2018 Industry Innovation Awards

Public Defined Benefit Plan Below $15 Billion

Wyoming Retirement System

Sam Masoudi, Chief Investment Officer
Art by John Jay Cabuay

Sam Masoudi joined the $8.4 billion Wyoming Retirement System as its chief investment officer in 2013, taking a skeleton crew of three and turning it into an eight-person investment program that hires its analysts directly from the state’s public university.

When he arrived, he saw the organization needed a turnaround. Masoudi stabilized the investment division by improving the work culture and environment. That included the team approach, pairing off like-minded individuals in charge of specific asset classes.

“When I joined WRS, I was the third CIO in four years. There were three other professionals, but only one had been there for more than a year,” he told CIO. “I inherited an organization without much infrastructure or institutional knowledge. Shortly after arriving, I launched a five-year plan to build out staff, revamp the portfolio, and improve institutional knowledge.  ”

The greatest challenge Masoudi faced was building out the team. “There is no local investment industry, and it was difficult to convince candidates to relocate, so, I created a plan to grow our own professionals.” 

Masoudi developed a program to hire summer interns from the University of Wyoming, who would then have the potential to become full-time analysts after graduation.  “We hired every one of our analysts through this program,” he said.

This is a boon in Wyoming, which has the smallest population in the US and strives to keep its young people from heading to major metropolitan centers out of state. “By hiring solely from the University of Wyoming, we’re keeping smart local kids in-state and building a more stable investment team,” Masoudi said.  “This approach has greatly benefited the pension, and Wyoming legislators love it, too.”

He divided the group into two-person teams, each comprised of a senior investment officer and an analyst, that focus on one asset class.  “Now we have more of an effective structure that allows the team to maximize its impact,” he said.  “It used to be that, if an equity manager wanted to come in, it wasn’t clear who they were supposed to contact. And on our end, it was never clear who was responsible for which relationships and who was accountable for each investment. It just ended up being very, very disorganized,” Masoudi said.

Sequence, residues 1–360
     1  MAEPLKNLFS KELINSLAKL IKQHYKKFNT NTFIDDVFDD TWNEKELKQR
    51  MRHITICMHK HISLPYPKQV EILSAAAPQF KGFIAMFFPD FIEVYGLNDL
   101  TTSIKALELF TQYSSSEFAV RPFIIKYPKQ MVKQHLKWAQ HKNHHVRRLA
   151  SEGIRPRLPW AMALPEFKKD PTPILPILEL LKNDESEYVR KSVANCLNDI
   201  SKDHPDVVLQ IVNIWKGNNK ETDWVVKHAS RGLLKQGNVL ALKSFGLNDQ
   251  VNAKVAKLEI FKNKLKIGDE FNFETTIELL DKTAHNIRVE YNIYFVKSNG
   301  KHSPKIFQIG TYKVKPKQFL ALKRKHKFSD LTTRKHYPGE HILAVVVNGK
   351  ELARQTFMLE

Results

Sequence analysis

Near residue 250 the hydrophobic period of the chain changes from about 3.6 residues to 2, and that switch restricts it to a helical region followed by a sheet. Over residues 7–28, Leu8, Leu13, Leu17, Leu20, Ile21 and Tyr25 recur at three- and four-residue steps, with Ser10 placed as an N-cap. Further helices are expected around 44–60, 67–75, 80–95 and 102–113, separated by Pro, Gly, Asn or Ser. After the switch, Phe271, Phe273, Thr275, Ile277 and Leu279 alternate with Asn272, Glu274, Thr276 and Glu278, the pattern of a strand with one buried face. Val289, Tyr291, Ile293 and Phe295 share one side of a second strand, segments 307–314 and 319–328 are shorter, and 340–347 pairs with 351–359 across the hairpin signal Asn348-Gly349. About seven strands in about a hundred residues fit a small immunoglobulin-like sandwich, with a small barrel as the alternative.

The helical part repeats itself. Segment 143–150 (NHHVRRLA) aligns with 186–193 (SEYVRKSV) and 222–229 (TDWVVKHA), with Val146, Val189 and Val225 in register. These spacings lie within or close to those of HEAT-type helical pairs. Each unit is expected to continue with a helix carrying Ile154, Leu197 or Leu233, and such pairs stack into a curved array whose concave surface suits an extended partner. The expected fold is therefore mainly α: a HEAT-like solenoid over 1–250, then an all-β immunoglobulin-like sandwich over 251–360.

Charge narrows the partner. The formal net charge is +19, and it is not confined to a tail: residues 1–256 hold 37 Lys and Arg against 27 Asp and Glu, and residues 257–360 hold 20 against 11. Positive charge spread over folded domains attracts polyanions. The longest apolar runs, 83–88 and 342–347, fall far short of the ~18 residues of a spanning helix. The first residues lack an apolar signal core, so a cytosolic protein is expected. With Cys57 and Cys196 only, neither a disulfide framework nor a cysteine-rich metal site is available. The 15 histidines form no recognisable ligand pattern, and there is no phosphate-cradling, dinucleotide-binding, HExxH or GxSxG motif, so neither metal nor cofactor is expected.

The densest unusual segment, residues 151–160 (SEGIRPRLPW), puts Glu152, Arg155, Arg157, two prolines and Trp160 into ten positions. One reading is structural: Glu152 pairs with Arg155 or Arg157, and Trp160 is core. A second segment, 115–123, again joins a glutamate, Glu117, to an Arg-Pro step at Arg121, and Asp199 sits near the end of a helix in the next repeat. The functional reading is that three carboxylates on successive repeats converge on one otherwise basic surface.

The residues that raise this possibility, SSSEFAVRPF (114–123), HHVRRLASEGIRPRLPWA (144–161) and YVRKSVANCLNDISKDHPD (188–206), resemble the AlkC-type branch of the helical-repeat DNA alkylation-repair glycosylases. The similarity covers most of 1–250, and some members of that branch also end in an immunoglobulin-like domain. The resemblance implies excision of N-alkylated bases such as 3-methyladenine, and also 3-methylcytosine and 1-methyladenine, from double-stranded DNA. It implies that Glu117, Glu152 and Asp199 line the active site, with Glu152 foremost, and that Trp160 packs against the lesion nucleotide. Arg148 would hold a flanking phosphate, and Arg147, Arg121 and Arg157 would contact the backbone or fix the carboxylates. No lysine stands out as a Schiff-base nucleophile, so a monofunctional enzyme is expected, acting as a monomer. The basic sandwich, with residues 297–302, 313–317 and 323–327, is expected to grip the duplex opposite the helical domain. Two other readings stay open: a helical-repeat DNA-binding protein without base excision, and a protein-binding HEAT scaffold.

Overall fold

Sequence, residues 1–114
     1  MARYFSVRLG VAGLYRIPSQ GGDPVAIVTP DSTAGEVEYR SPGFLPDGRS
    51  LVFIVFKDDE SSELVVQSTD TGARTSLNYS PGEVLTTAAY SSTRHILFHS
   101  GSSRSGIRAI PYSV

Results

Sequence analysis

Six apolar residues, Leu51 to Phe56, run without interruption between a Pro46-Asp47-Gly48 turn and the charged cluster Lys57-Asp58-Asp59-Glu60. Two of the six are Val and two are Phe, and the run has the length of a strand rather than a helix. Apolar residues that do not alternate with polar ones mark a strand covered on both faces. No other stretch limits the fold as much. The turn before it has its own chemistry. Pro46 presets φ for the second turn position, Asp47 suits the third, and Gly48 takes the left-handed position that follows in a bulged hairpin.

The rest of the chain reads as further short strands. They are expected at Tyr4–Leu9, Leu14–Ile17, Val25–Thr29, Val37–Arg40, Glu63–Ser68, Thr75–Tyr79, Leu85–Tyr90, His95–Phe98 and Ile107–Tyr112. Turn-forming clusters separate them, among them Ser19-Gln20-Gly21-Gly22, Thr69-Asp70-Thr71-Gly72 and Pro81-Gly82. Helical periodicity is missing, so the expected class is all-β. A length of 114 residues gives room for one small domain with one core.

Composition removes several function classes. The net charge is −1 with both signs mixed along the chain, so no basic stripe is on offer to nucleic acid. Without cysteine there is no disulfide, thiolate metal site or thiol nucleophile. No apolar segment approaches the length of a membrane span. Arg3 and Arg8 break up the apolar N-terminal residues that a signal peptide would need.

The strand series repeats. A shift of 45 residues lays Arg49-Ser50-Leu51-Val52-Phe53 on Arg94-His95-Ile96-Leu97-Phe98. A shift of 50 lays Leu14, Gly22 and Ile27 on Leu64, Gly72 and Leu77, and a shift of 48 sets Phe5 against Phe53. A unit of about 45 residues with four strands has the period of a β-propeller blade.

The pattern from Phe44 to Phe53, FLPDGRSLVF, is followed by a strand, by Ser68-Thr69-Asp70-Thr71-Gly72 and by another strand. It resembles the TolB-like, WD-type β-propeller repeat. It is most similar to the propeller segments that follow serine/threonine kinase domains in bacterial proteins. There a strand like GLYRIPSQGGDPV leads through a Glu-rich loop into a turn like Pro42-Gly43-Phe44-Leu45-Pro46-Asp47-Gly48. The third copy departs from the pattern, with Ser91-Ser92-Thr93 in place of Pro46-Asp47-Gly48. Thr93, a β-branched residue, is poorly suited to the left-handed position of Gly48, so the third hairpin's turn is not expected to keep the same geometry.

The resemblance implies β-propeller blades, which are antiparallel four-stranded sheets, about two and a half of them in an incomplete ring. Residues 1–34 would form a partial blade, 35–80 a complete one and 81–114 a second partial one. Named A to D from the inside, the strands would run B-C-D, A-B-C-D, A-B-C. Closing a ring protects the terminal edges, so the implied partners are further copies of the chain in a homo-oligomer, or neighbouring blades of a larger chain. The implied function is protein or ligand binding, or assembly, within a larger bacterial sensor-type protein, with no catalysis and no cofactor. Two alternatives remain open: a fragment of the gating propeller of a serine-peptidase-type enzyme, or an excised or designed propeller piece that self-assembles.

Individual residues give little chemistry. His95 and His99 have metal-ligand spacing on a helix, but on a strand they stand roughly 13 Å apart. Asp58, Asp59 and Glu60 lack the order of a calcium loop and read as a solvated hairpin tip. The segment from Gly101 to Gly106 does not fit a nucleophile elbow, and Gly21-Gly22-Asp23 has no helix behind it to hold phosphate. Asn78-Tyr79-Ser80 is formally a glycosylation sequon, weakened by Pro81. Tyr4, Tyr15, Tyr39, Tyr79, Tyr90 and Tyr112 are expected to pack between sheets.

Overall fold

Now, for the senior investment officer covering equities, “anything equity-related goes to him. He can use his analyst to leverage his impact; and this allows the analyst to start developing their asset-class expertise as well,” he said.

Masoudi started the retirement system’s in-house tactical trading program, which boosts returns by capitalizing on extreme valuations in specific securities and markets.

“So, for instance, we shorted Italian 10-year government bonds when they were trading at around a 1.5% interest rate, which was absurd given all the challenges they faced,” he said. “There was not much room for the rate to decline.  We made money on the trade as the market began to appreciate the risk of the securities and the interest rate increased.”

The Wyoming Retirement System’s asset allocation is 45% equity, 20% fixed income, 15% private markets and 19% alternatives.

As for where the market is in the cycle, Masoudi estimates it’s about the “ninth inning” of what appears to be an excessively long rotation. That’s partially because “this is the end of a long-term debt cycle that is more similar to the Great Depression than to any of the other recessions we’ve seen in our lifetimes.” He is currently seeing the most opportunity in emerging markets, with stock prices in China and others like it on the low side.

He is optimistic about the current US-China trade conflict. “There really should be a breakthrough because the cost for China and for the US is too great. It would be crazy not to reach a trade agreement,” he said, adding that if an agreement is made then the market will “really pop.” Masoudi noted that emerging markets’ stocks rose 3.6% on news that the two nations’ leaders, Donald Trump and Xi Jinping, had an agreeable phone conversation that investors concluded meant a resumption of trade talks. This was a hint of what would happen if there was a final trade agreement, he said.

To improve returns and mitigate risk, Masoudi pushed the alternatives portfolio toward lower fee structures and more transparent funds. One of these moves occurred three years ago, when the Wyoming organization ditched all its macro funds, which was good timing as they performed poorly afterward.

The Wyoming CIO takes pains to maintain trusting, transparent relations with the program’s board. A summary of the investment group’s weekly internal meetings, with a list of its current activities and plans, are sent to the investment committee.

“Now they feel like they have enough transparency into our activities that we don’t have to spend as much time explaining ourselves,” Masoudi said. That has made for significantly shorter meetings with the board.

“We used to have board meetings every month and they would last from six to eight hours long. And now we just have quarterly meetings that are four or five hours long,” he said.

Masoudi, a Denver native who moved back west from the Tulane endowment fund in New Orleans to manage the Wyoming Retirement System, feels the size of the fund is its best element.

“We’re big enough to get managers’ attention but not too big to invest in some of the smaller premier funds,” he said. “For instance, there might be a fund that’s only willing to accept $100 million in capital. We can make that investment, whereas if we were a $30 billion pension fund, we wouldn’t be able to.”

—Chris Butera

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